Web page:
CMHC Makes Life Easier for Self-Employed Borrowers

Roughly 1 in 6 Canadians work for themselves and CMHC wants to help them get a mortgage.

Most notably, the nation’s largest default insurer is allowing lenders more flexibility when approving borrowers with less than two years of self-employment income.

If you’re in business for yourself and getting a default-insured mortgage, CMHC has announced the following changes that may help you get approved:

  1. Lenders are now encouraged to accept applications from self-employed borrowers who have been operating their business for less than 24 months, or in the same line of work for less than 24 months, if the borrower has:
    • Sufficient cash reserves
    • “Predictable earnings”
    • Acquired an established business
    • Previous training and education related to the business, and/or
    • Demonstrated history of well-managed credit
  2. Lenders are now encouraged to accept the following types of income documentation for borrowers who have recently become self-employed:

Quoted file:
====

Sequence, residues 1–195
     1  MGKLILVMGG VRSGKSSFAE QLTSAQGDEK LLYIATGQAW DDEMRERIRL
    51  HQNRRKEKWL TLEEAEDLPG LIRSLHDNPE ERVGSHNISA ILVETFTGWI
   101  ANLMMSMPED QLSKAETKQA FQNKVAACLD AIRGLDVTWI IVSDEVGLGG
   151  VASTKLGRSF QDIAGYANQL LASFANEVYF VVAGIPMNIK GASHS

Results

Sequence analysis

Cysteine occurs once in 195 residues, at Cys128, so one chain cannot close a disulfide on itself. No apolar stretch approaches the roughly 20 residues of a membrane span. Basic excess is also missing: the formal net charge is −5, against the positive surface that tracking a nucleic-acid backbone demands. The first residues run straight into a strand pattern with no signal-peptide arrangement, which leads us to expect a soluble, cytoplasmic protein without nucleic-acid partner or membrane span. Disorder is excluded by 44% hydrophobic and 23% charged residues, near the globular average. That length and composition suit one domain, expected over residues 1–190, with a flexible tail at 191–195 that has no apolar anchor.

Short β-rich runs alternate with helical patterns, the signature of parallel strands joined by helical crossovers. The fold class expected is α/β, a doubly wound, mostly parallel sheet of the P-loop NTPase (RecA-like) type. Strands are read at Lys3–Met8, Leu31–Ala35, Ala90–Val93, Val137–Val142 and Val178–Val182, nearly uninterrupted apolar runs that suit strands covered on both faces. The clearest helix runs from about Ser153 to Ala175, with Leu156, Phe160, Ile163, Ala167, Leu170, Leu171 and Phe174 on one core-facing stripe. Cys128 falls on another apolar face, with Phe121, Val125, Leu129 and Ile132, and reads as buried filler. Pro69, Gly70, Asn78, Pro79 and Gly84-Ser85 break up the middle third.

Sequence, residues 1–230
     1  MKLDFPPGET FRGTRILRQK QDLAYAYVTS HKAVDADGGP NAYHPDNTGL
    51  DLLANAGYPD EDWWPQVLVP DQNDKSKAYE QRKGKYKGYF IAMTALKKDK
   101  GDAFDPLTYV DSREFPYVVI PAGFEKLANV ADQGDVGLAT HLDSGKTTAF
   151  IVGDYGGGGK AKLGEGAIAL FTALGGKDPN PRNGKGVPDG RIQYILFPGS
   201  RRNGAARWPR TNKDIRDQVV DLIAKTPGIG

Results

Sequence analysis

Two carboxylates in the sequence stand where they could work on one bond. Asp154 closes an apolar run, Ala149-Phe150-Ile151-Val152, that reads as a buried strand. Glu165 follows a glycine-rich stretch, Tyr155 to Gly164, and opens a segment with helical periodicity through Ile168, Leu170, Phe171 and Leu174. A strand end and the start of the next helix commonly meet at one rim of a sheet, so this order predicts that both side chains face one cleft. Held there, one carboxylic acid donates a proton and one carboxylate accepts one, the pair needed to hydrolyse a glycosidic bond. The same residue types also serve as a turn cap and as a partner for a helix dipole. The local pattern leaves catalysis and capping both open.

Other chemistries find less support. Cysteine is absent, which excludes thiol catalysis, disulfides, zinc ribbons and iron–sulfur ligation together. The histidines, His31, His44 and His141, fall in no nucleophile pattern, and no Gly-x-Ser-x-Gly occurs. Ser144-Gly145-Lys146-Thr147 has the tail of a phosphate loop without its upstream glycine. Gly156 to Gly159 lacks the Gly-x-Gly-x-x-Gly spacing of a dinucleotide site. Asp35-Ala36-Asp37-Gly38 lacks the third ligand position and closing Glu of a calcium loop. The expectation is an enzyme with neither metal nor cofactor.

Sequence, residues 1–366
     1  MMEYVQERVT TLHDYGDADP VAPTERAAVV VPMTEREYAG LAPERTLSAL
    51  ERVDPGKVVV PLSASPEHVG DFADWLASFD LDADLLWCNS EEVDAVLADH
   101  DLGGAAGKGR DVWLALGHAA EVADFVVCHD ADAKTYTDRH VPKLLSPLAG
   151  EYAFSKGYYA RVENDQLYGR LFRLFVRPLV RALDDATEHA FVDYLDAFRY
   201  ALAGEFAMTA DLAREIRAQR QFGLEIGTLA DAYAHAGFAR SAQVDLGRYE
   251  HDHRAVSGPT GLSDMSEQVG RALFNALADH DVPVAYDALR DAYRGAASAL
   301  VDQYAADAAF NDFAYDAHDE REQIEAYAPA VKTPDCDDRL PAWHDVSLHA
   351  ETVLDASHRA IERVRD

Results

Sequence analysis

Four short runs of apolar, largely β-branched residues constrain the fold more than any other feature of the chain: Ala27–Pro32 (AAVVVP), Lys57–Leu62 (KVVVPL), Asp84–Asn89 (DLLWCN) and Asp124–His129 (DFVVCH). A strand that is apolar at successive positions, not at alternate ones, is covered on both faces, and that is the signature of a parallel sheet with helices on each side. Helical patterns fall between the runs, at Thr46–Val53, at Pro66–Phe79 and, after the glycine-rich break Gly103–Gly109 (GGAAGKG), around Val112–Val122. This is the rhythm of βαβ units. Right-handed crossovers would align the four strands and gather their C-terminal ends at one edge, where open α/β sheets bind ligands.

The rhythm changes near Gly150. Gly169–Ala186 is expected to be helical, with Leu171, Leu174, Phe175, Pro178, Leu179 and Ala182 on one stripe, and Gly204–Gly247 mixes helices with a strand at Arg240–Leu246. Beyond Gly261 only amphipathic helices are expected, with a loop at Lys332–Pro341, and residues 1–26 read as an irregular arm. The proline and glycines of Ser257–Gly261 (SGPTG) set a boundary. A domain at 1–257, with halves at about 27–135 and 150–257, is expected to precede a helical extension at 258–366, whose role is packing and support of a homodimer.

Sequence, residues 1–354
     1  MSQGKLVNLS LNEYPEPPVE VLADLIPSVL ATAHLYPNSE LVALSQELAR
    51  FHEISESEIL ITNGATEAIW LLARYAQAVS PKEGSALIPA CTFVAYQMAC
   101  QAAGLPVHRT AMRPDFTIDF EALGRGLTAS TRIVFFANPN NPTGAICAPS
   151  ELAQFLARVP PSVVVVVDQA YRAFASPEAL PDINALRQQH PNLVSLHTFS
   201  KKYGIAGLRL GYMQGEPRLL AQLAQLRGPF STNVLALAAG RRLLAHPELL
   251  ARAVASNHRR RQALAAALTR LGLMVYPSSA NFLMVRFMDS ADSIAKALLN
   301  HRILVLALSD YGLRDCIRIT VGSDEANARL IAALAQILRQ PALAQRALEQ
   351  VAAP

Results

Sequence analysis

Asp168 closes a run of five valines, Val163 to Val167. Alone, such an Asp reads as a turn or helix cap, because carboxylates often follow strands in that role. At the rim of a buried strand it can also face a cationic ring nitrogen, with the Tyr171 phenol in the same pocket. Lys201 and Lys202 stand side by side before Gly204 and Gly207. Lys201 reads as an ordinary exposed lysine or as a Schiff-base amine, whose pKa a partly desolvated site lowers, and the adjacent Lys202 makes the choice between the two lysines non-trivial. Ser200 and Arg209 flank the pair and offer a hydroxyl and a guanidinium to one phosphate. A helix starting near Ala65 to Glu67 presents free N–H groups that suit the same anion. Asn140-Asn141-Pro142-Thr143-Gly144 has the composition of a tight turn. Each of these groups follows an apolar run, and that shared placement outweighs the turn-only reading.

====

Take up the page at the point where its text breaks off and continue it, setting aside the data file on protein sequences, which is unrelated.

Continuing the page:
• Previous employment documentation related to the type of income
    • Recent account statements
    • Business documentation
    • Signed business contracts
  3. CMHC also now explicitly requires borrowers proving income with CRA notices of assessment (NOAs) to also provide their T1 General tax returns.
  4. Lenders can now accept CRA Proof of Income (POI) statements to support the borrower’s income and/or zero-income-tax owing.
    • The POI statement can be used as an alternative to the NOA and T1 General, CMHC says.

The above changes apply to self-employed borrowers who:

  • Are buying with less than 20% down and paying for high-ratio default insurance
  • Are buying with 20%+ down and using a lender that insures its mortgages (at the lender’s expense)
  • Switching to a lender that insures its mortgages (at the lender’s expense)

All of these changes take effect October 1, 2018.

Other default insurers also have programs for self-employed borrowers, including:

These insurers have long allowed more liberal proof of income (i.e., more flexible documentation requirements). But, unlike CMHC, Genworth and Canada Guaranty require the borrower to have been in business for at least two years in order to benefit from this flexibility.


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